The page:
Lime and coconut smoothie

You put the lime in the coconut and drink it all up!
lime and coconut smoothie

“You put the lime in the coconut and shake it all up”

If you’re looking for that refreshing tropical taste without the high blood sugar levels then look no further. Try out this totally tropical tasting lime and coconut smoothie.

Lime & Coconut Delight

Turn this smoothie into Lime & Coconut Delight, by pouring the smoothie into ramekins or glasses and leaving in the fridge overnight to set! This creates a vegan version of angel delight!

lime and coconut smoothie

Lime and coconut smoothie

You put the lime in the coconut and drink it all up!
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Course: Drinks, Snacks
Cuisine: British
Diet: Diabetic, Gluten Free, Vegan, Vegetarian
Keyword: coconut, lime, milkshake, smoothie
Free or Subscription Recipe: Free Recipe
Free from: dairy, eggs, gluten, nuts
Prep Time: 5 minutes
Total Time: 5 minutes
Servings: 1 serving
Calories: 493kcal
Author: Jo Paterson


  • 1 whole lime juice and zest
  • 250 ml tinned coconut milk (including the cream from the top)
  • 4 whole ice cubes
  • 2 tsp xylitol or erythritol sweetener (optional)


  • Add lime juice and most of zest (reserve some for sprinkling on top), ice cubes and tinned coconut milk to a blender (ensuring to use the cream from the top of the coconut milk tin. This is the BEST bit, so make sure you get it!)
  • Blitz the ingredients until they are smooth and then try the smoothie. Depending on your taste, this may be sweet enough. If it is not sweet enough add your sweetener of choice 1tsp at a time, blitzing in between each spoonful until you reach the desired sweetness


I advise having this as a snack instead of just drinking alongside food due to the carbs in the smoothie. 
You could also add double cream and/or nuts/seeds and avocado.
Avoid using higher sugar fruits such as banana, mango, pineapple, passionfruit etc as higher GI fruits will not be tolerated as well.
I do not advocate using protein powders as part of the GD diet. Try to stick to REAL FOOD. The research around the use of protein supplements in pregnancy suggests that they can cause lower birth weights in babies and whilst many may think this ideal with gestational diabetes, it is not. Many women with gestational diabetes see a complication of slowed growth, small for gestational age and IUGR babies and so this is not something we would want to risk. The diet I advocate is high in protein from natural protein sources and so I do not advocate adding additional protein supplements such as protein powders.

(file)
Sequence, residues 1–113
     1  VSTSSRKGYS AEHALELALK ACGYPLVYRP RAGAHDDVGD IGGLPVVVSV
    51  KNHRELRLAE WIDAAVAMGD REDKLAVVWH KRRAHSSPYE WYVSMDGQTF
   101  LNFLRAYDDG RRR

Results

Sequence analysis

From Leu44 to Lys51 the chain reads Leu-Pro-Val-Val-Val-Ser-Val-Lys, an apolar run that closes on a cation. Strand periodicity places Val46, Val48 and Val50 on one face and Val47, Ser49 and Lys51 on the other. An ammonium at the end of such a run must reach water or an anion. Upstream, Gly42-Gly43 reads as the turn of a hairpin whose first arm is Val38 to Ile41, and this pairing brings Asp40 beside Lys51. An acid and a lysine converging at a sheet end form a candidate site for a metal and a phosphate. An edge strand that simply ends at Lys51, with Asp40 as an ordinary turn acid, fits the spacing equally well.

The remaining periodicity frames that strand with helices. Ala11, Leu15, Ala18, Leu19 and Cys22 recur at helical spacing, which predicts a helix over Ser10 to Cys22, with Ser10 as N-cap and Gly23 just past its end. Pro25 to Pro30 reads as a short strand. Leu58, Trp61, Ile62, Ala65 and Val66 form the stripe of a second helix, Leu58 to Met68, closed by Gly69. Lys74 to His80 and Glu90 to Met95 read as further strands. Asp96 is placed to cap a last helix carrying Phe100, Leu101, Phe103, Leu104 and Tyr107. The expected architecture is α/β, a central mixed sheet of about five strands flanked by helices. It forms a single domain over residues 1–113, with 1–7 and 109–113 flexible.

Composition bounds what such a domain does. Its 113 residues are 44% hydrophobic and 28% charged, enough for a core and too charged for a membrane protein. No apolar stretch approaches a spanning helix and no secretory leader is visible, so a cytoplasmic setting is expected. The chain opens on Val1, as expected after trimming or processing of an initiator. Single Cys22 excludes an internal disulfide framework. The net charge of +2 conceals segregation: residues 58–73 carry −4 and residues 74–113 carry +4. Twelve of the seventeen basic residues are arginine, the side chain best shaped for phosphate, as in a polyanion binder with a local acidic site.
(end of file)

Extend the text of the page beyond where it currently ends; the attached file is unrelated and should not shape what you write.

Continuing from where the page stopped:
The type of sweeteners I use in most of my recipes are called xylitol and erythritol which are natural sweeteners.
The brand of xylitol that I use and is most widely available in larger supermarkets is Total Sweet. To find a local stockist, please check this link. It is important to note that xylitol, although a natural sweetener, is highly toxic to dogs, so no sharing your GD treats with your furry friends!
total sweet xylitol
If you have IBS or similar conditions, then you may find xylitol triggers your symptoms. If this the case for you, erythritol sweeteners are what I recommend using instead of xylitol as erythritol has little to no impact on the gastric system. The brand I use is NKD Living powdered erythritol. 
Artificial powdered sweeteners such as sucralose (like Splenda) or aspartame (like Canderel) can be used but may raise blood glucose levels and can leave a bitter aftertaste.


Calories: 493kcal | Carbohydrates: 7g | Protein: 5g | Fat: 53g | of which saturates: 47g | of which sugars: 1g